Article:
The powerful windstorm that hit Quincy on Monday, July 13 brought down hundreds of trees and knocked out power to thousands throughout the city. It's the type of moment when a journalist thinks, "It's time to get to work" -- unless one of the homes that's been damaged is your own.
That's exactly what happened to me.
I was surprised when my phone rang about 10:30 the morning of Tuesday, July 14. I became less surprised when it continued to ring through early afternoon. The calls and text messages came in from familiar names:
- Alex Degman (Illinois Radio Network)
- Alex Heuer (St. Louis Public Radio)
- Sean Crawford (Illinois Public Radio)
- Tanya Koonce (Peoria Public Radio)
They saw my Facebook posts about the storm damage at my home in Quincy and wanted to talk to me about it.
My wife, Jamie, looked at me and asked, "Why do they want to talk to you?" I became "Mr. Journalist" at that point and explained to her how important it is to talk to someone who was involved in the storm, not just a city leader or the head of an emergency response agency. I said while those interviews are important, the personal interviews are the best.
Plus, deep down, it's also a bonus as a journalist when you have someone you can talk to who is comfortable being part of an interview.
I have known the journalists who reached out to me for years, be it through my participation in the Public Affairs Reporting Program and the Illinois News Broadcasters Association or as co-workers with Tri States Public Radio. So when the first questions out of their mouths were "Are you and Jamie OK? How are the dogs?" it did not surprise me one bit.
Those are the types of questions that make you feel much more comfortable about a situation.
I think for the most part, journalists do the same even for people they do not know. I know I try, and will make a point of it more in the future. We must make sure we approach people as human beings and not soundbite machines.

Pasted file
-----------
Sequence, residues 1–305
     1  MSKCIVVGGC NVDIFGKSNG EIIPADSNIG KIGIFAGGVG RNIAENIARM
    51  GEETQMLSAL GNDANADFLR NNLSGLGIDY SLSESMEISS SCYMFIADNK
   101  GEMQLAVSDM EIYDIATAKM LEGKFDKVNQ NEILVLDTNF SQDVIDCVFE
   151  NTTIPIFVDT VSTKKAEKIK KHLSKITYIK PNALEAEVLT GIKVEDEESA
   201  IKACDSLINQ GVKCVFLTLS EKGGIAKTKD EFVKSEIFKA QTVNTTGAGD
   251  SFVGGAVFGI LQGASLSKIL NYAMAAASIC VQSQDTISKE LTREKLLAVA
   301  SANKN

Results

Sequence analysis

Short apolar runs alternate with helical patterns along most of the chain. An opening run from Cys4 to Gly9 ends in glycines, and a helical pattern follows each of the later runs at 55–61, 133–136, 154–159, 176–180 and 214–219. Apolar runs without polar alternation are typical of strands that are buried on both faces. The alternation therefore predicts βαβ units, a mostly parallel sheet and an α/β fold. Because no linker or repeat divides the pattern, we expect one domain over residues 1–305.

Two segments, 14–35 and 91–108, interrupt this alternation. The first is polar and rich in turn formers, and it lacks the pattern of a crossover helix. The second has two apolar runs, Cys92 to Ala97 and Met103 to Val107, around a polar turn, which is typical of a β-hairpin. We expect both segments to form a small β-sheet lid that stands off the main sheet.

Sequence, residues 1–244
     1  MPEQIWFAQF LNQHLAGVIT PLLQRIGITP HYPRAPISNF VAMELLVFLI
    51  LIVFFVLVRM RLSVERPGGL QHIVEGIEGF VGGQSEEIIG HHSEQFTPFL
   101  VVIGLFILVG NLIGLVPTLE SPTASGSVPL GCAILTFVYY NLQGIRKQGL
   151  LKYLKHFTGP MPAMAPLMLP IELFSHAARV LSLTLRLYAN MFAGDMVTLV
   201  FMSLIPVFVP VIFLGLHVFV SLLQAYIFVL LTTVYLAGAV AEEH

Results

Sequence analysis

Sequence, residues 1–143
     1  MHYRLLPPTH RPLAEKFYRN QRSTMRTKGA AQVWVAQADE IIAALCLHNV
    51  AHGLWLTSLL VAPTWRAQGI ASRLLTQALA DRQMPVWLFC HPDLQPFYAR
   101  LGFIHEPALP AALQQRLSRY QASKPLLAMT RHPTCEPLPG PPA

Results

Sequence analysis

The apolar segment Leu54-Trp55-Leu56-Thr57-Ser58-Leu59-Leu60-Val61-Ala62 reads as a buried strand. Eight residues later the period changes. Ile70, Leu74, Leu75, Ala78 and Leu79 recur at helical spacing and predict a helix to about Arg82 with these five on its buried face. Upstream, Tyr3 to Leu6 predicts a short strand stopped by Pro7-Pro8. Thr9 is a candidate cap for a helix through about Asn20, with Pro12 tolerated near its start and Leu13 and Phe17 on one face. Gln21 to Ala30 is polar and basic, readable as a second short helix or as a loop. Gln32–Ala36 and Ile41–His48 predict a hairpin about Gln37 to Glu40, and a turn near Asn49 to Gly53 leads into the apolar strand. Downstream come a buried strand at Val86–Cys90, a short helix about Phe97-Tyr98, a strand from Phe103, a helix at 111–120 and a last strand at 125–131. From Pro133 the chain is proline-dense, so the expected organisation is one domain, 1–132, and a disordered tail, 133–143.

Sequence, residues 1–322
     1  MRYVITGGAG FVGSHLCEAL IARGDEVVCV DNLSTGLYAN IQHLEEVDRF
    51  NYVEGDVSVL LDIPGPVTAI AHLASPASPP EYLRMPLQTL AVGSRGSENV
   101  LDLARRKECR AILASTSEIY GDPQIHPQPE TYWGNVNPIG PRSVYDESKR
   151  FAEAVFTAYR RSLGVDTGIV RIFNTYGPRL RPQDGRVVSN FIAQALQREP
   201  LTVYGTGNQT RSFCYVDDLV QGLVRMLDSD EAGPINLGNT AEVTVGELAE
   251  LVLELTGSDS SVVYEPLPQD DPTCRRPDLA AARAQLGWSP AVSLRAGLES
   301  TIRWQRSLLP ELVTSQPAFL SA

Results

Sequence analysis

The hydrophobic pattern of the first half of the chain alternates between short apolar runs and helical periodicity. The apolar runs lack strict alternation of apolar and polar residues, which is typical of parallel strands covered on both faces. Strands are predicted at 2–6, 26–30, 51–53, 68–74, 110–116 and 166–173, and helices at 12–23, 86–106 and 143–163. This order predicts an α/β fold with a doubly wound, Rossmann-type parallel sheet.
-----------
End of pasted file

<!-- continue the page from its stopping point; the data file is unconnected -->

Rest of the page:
I told them that we were all fine. We ended up losing a giant tree from our front yard, a storage shed in our back yard, and electricity for about 28 hours. All in all, though, we came out really lucky.
From there, my time on the other side of the microphone began, starting with “What was it like when the storm hit Quincy?”
I had to admit to them that I had no idea because I was in Macomb at the time. I had just anchored Afternoon Edition and was catching up on work when my wife called.
"When are you coming home?"
"OK, see you then."
Short, sweet and to the point. So I was surprised when she called me back about 10 minutes later.
All I remember her saying was that she was standing by the window in our living room when the wind ripped our giant ash tree out of the ground. As she spoke, the storm sirens started going off so she and our dogs headed to the basement.
I told her to stay put and that I would get there as soon as I could. I ran into no bad weather, though I admit I was speeding a bit.
That led to the natural follow-up question: "What were you thinking?"
I could tell how shaken my wife was. The uprooted tree stretched from almost our front door to our neighbor's driveway across the street.